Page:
Morse Engineering and Construction Industries

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Personalized Snow & Ice Removal

- Friday, January 20, 2023
Morse Engineering and Construction - Snow & Ice Removal

We all know that snow plow drivers are in short supply. Has your private snow plow service gone to work for the town?

You need personalized programs and service in salt spreading, snow plowing and complementary snow removal to ensure your individual snow and ice removal is a success.

The appropriate snow removal equipment and de-icing materials need to be used to minimize damage to your paving and landscape while maximizing ice melting results. For serious applications consider salt spreaders that are equipped with calcium tanks to “pre-wet” the salt in order to release heat and attract moisture. The pre-wetting process ultimately creates a brine for fast and effective melting of stubborn ice at air temperatures well below freezing.

For more information, contact Morse Engineering and Construction.

Can You Install A Septic System In The Winter?

- Friday, January 13, 2023
Morse Engineering and Construction - Can You Install A Septic System In The Winter?

Installing a septic tank in winter requires careful planning and adherence to local regulations. Here are the 10 general steps to take when installing a septic tank in winter:

  1. Determine the appropriate location for the septic tank. This will typically be at least 10 feet away from the home and any other buildings, and away from bodies of water or slope.
  2. Obtain the necessary permits. You will need to obtain a permit from the local health department before installing a septic tank.
  3. Choose the size of the septic tank. The size of the septic tank will depend on the size of your home and the number of people living in it. A larger tank may be necessary if you have a large family or expect a lot of water usage.
  4. Excavate the site. Once you have chosen the location for the septic tank, you will need to excavate the site to make room for the tank. This will require the use of heavy machinery, such as a backhoe.
  5. Install the tank. The septic tank should be placed in the excavation and leveled to ensure proper operation. The tank should also be anchored to prevent movement.
  6. Connect the tank to the home. The septic tank will need to be connected to the home via a series of pipes. These pipes will transport the waste water from the home to the septic tank.
  7. Install the drain field. The drain field, also known as the leach field, is a series of trenches or beds where the effluent can be filtered and absorbed into the soil. The drain field should be located at least 50 feet from any water source.
  8. Backfill and grade the site. Once the septic tank and drain field are installed, you will need to backfill the excavation and grade the site to ensure proper drainage.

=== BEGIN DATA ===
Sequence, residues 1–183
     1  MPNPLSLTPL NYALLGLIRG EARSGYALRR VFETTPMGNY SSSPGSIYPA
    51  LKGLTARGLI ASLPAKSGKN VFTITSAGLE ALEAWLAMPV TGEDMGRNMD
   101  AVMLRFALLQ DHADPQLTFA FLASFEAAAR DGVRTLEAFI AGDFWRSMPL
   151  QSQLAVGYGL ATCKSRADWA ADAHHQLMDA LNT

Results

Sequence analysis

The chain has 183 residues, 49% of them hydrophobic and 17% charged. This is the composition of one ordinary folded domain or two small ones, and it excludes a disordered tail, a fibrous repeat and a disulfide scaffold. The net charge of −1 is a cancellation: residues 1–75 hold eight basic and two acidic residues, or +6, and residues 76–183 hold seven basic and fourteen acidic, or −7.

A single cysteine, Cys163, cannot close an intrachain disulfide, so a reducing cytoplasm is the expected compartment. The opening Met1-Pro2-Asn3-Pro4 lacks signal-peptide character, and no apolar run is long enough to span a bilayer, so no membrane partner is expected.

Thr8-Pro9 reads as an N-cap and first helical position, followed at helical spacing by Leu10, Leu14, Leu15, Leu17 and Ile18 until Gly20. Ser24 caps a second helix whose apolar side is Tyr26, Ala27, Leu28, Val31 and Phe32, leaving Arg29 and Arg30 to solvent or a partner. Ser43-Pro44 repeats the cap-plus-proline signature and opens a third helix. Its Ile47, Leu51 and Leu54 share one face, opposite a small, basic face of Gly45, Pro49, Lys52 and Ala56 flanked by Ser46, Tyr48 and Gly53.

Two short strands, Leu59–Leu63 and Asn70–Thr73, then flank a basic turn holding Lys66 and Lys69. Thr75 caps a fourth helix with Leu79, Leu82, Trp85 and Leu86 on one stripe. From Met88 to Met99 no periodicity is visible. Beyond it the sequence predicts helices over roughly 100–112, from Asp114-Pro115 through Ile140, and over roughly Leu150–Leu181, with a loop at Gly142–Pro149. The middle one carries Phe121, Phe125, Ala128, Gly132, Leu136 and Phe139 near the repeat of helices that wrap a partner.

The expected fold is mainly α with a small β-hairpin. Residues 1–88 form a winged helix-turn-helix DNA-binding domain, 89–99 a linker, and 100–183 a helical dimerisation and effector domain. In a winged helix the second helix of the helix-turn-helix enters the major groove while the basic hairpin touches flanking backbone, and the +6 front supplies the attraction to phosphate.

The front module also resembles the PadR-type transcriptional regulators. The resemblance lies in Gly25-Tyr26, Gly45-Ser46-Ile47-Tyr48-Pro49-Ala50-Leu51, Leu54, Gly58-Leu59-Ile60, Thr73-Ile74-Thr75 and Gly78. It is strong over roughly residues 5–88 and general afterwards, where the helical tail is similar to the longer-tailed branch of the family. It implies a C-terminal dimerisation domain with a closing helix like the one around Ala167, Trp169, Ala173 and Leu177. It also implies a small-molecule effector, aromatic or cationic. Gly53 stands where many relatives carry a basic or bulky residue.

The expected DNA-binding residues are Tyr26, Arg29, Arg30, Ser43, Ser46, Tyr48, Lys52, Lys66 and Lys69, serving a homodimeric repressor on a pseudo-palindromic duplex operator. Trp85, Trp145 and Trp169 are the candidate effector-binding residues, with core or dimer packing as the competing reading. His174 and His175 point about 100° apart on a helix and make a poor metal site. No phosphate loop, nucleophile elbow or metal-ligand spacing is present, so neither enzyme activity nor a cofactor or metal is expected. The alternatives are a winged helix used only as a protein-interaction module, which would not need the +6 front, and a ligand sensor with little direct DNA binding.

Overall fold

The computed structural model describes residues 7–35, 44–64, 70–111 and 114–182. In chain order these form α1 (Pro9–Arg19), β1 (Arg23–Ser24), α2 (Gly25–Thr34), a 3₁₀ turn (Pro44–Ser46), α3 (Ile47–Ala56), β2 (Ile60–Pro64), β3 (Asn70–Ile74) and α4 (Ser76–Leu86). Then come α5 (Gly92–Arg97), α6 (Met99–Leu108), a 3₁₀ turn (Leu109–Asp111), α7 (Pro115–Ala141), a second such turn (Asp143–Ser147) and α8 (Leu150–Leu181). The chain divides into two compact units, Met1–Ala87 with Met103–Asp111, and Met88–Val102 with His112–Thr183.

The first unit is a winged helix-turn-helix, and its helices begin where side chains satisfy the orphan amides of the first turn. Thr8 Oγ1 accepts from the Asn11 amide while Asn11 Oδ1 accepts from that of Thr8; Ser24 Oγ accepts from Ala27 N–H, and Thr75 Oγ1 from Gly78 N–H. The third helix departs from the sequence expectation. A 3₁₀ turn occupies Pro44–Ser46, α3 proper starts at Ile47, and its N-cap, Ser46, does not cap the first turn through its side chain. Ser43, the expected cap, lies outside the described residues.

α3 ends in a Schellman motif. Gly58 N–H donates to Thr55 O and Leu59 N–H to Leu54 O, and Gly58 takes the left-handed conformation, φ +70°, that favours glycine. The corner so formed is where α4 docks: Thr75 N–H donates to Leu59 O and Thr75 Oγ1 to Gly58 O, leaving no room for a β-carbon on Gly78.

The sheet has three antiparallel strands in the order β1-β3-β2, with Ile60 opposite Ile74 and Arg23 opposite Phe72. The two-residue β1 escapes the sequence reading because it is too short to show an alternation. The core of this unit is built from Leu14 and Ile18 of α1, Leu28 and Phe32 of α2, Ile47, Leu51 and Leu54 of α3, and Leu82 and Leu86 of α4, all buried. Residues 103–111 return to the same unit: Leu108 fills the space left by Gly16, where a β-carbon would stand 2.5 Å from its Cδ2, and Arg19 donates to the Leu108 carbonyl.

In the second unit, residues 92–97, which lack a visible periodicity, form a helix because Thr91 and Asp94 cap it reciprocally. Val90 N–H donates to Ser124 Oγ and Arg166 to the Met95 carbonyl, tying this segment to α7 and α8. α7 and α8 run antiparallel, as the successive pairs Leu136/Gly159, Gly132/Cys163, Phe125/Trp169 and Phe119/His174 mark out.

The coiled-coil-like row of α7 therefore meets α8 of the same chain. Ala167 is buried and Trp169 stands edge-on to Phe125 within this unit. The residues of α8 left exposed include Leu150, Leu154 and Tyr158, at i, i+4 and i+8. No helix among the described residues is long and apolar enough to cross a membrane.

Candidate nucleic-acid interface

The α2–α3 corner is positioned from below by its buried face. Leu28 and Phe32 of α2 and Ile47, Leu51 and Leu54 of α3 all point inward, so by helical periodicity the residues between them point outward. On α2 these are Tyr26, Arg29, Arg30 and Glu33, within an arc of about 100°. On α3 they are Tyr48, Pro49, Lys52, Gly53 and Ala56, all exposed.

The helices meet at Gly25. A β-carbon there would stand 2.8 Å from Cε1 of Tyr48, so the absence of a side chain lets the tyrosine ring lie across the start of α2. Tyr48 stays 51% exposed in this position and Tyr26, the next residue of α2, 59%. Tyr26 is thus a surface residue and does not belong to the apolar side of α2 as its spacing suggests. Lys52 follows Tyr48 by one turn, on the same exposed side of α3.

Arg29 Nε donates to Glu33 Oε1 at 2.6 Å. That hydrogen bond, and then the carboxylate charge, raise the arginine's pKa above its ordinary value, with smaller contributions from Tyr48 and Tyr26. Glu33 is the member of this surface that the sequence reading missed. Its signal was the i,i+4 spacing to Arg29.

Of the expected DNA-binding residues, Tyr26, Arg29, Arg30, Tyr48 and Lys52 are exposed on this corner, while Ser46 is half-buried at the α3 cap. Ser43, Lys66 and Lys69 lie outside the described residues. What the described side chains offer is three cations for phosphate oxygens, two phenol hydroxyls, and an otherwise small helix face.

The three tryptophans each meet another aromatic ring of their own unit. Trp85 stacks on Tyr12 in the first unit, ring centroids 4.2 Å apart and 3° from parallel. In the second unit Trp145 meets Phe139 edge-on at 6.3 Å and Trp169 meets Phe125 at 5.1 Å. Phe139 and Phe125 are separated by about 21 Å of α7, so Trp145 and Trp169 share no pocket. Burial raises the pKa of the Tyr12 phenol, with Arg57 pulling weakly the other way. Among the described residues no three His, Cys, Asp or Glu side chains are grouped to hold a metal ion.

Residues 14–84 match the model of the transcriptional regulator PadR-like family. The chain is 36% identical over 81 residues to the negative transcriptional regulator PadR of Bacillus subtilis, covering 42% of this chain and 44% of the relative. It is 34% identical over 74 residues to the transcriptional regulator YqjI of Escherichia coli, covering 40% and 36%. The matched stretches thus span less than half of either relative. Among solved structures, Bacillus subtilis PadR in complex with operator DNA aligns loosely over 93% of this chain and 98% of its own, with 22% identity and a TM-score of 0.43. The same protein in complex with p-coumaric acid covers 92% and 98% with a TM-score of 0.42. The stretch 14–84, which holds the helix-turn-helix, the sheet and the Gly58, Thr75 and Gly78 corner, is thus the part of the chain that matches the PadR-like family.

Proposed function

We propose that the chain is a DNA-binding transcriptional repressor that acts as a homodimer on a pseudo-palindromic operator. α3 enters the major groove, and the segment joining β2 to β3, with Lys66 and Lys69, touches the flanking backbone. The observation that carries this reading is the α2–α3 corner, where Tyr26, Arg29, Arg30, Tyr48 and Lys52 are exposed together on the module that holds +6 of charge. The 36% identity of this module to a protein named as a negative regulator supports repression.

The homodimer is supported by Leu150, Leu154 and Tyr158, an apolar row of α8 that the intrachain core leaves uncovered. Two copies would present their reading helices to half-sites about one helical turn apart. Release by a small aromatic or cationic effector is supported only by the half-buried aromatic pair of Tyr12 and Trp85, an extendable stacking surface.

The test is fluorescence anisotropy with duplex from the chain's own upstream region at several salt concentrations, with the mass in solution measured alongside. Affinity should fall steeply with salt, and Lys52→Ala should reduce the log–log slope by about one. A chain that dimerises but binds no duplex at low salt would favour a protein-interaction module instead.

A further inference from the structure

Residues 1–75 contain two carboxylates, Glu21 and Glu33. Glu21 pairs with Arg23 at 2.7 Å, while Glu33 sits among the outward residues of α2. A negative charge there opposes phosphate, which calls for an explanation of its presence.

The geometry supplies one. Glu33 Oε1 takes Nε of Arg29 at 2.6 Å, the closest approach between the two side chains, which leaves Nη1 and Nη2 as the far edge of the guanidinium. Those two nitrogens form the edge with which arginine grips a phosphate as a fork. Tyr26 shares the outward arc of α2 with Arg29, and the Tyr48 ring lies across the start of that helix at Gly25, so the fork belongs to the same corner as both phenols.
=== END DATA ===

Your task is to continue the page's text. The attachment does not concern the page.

9. Activate the septic bacteria. Septic tanks rely on bacteria to break down and digest the wastewater and solid matter. You can help to jumpstart the bacterial process by adding a bacterial activator to the tank. This can help to speed up the digestion process and ensure that the septic system is functioning properly.
  10. Test the system. After the septic tank has been installed, it is important to test the system to ensure that it is functioning properly. This may involve testing the water levels in the tank and observing the drain field to ensure that the wastewater is being properly absorbed into the soil.

For more information, contact Morse Engineering and Construction.


New Septic System Installation: What's Involved

- Friday, January 06, 2023
Morse Engineering and Construction - New Septic System Installation

When building a home, one of the many aspects you have to consider is the sewer disposal system. Here’s what you should expect during the entire installation process.

3 Steps for Installing a New Septic System

1. Apply for Site Evaluation

Not every property is suitable for a septic system. Therefore, the site needs to be evaluated first. The soil is tested for its porosity, texture, and other factors that affect its ability to hold and drain water. Licensed inspectors from the local health department will run a percolation test to determine what system will work best under the existing conditions. They do this to prevent any potential contamination of the aquifer.

Apart from the soil, they will also look at the topography, landscape position, and groundwater conditions to identify which area is ideal for the drainfield. They will recommend the type and size of the septic system that works best on your property after seeing the site in person and comparing it against the submitted proposed structural layout.

2. Obtain Permit for Installation

Once you have received the results after the inspection, you must provide this to a certified septic tank and system installer. They should draft a detailed plan of the system to be submitted to the local health department for approval first before obtaining the building permit.

Keep in mind that the permit is only valid for one year, so refrain from delaying the installation. However, that doesn’t mean you have to rush the process—take the time to research the licensed local contractors before hiring one. Get at least three estimates from different companies to have a better gauge of the costs. Don’t forget to run a comprehensive check on their credentials as well.

3. Inspection by the Health Department After the Installation

After the septic tank and pipes have been laid down in their places, you have to notify the local health department for a final site inspection. This last step ensures that the septic system follows the requirements indicated on the permit and preliminary site inspection. If the inspector sees that everything is up to par, they will green-light its use.

For more information, contact Morse Engineering and Construction.

Source: connect2local